UFC 124 Analysis: Josh Koscheck Loses His Nerve at the Last Moment

It was like a Rembrandt painting inexplicably finished, not with wispy brushstrokes, but with bright orange spray paint. It was a Mozart piano sonata if you played the final stave with a xylophone. It was masterful - right until the very end.

Of course, I'm not talking about Josh Koscheck's performance in the cage last night. In the Octagon he was simply outclassed by the world's best fighter, jabbed to the point I was feeling legitimately worried for poor Georges St. Pierre's left hand. No, where Koscheck shined was in the build up, the world building, the character development. He played what wrestling announcer Jim Ross called the best bad guy in the entire combat sports business. At least he did until the end when he suddenly lost his nerve.

In a full season of trash talk on The Ultimate Fighter, Koscheck perfected his swaggering frat boy character. He made promises to the fans, not just in St. Pierre's native Montreal, but worldwide that he was going to knock the champion into next week. Taking his normal personality and magnifying it by ten helped Koscheck make fans care about this fight in ways they didn't for equally one sided GSP beatdowns of Thiago Alves and Jon Fitch. Fans enjoyed the idea of a good old fashioned grudge match. And that's just what they delivered, right up until the very end. The perfect game was right around the corner, ruined by an error in the ninth.

I could live with the embrace between fighters at the end of the bout. Who knows what was said between them? That moment was theirs, the perfect time for Koscheck to congratulate Georges before stepping back into character. Instead, they made it all a lie. St. Pierre told the crowd Koscheck had just been building a fight; Koscheck played the role of the humbled contender, even praising the Montreal crowd.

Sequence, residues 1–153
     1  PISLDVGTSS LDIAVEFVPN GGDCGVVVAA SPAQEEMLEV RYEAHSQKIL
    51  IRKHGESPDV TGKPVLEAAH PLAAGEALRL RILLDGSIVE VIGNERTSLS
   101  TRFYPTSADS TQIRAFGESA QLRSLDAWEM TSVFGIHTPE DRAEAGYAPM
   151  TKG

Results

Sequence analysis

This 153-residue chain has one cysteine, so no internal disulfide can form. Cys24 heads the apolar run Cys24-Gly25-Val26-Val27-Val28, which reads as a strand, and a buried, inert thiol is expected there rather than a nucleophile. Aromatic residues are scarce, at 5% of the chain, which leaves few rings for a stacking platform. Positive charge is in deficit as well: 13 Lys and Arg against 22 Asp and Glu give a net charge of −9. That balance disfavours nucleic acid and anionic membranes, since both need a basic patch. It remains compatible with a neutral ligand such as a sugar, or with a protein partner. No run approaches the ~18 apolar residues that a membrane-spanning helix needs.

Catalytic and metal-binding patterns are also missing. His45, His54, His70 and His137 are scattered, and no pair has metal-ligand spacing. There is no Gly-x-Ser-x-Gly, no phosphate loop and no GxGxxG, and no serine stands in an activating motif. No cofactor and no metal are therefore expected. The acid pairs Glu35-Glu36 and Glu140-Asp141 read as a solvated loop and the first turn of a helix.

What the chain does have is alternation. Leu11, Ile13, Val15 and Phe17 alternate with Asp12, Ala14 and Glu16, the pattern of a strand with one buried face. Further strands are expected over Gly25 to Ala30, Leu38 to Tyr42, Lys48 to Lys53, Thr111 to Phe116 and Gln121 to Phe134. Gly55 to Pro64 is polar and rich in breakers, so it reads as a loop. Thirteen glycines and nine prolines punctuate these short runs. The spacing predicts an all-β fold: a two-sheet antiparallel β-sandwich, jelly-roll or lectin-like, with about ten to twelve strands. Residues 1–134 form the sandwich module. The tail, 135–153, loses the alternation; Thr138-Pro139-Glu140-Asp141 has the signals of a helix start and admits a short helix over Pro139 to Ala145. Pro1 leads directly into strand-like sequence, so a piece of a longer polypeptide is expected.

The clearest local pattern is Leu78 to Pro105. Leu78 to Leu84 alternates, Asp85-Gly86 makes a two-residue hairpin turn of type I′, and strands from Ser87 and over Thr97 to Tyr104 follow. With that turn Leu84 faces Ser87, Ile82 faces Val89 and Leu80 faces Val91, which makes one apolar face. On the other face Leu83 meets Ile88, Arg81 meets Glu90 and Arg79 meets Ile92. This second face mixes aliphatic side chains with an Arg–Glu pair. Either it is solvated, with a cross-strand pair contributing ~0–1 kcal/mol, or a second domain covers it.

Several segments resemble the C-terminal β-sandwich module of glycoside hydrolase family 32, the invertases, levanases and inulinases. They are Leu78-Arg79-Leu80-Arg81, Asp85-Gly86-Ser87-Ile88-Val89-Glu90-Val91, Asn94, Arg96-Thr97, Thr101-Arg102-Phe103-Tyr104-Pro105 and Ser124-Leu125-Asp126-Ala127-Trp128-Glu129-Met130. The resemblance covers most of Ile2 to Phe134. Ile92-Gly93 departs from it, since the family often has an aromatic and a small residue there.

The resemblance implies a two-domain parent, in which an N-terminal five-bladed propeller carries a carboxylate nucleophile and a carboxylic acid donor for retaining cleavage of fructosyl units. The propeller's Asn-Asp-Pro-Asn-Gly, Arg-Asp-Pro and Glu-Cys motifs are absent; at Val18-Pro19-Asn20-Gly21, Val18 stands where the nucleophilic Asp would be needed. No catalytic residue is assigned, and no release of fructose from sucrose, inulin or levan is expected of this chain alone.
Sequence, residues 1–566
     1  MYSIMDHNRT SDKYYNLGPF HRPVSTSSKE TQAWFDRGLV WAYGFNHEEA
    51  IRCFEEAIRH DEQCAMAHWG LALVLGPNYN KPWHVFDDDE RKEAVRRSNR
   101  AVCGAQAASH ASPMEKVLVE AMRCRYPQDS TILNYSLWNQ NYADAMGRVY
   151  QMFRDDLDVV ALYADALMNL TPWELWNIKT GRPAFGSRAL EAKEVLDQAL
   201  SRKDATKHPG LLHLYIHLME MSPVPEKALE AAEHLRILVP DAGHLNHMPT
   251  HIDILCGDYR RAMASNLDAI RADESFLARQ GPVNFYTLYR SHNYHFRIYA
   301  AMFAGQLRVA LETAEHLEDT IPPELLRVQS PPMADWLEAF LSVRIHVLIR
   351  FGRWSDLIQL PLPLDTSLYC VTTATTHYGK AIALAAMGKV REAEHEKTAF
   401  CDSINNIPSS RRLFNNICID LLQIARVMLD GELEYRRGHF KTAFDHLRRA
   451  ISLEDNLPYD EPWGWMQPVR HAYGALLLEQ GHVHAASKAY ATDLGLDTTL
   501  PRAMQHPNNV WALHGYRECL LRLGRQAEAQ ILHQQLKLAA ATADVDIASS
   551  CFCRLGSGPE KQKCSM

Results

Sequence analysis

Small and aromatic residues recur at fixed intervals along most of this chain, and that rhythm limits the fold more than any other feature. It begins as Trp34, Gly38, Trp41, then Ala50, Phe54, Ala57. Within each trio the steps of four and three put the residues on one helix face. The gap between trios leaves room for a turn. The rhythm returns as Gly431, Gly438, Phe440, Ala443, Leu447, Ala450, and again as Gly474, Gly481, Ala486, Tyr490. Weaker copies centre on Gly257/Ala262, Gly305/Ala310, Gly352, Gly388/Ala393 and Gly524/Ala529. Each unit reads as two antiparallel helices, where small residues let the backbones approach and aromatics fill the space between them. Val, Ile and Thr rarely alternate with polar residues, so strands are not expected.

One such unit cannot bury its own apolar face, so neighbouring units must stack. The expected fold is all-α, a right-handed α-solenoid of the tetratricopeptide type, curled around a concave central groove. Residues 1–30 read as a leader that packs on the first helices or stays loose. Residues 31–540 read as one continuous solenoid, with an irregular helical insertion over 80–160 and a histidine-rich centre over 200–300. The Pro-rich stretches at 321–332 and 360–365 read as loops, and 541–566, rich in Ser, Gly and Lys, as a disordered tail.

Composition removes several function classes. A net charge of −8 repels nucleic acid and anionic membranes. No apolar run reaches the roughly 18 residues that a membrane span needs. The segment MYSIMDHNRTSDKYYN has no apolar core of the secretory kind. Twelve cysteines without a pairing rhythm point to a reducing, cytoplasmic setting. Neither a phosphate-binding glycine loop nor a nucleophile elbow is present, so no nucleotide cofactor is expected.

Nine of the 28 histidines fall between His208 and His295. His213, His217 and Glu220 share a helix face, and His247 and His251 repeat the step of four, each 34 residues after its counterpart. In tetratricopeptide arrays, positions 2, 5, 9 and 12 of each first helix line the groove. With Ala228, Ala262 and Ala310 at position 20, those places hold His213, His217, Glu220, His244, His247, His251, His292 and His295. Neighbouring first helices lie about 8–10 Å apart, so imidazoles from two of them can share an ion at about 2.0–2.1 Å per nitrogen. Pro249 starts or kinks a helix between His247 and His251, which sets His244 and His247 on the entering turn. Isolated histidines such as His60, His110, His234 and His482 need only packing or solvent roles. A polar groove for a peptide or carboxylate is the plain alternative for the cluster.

It was a little nauseating.

Professional wrestling used to get this right. In the old days, the bad guys and the good guys were kept separated at all costs. They didn't share dressing rooms, and in some parts of the country were expected to put on a little bit of a scene if they met in public. In the 1980's "Hacksaw" Jim Duggan and the Iron Shiek were arrested in New Jersey, driving between matches. The car was like a pharmaceutical factory, but that wasn't the issue in the wild and wooly 1980's. They were both let go because they were supposed to be heated rivals. How were fans supposed to buy their feud if the wrestlers themselves couldn't even pretend?

I don't care if the real life Josh Koscheck adopts orphans, rescues kittens from tall trees, don't even care if he cured cancer. I don't need to know that he's a decent human being. Fans can only be fooled so many times. You can't sell them a match steeped in enmity, only to pull the rug out at the end and say 'Hey, none of this was real.'I know Josh Koscheck probably was feeling pretty humbled. And I know GSP is a nice guy who wanted to give Josh an out. But save it for backstage, away from the prying eyes of fans you have just taken $45 from. It will make us feel better about investing in your next pretend grudge match.

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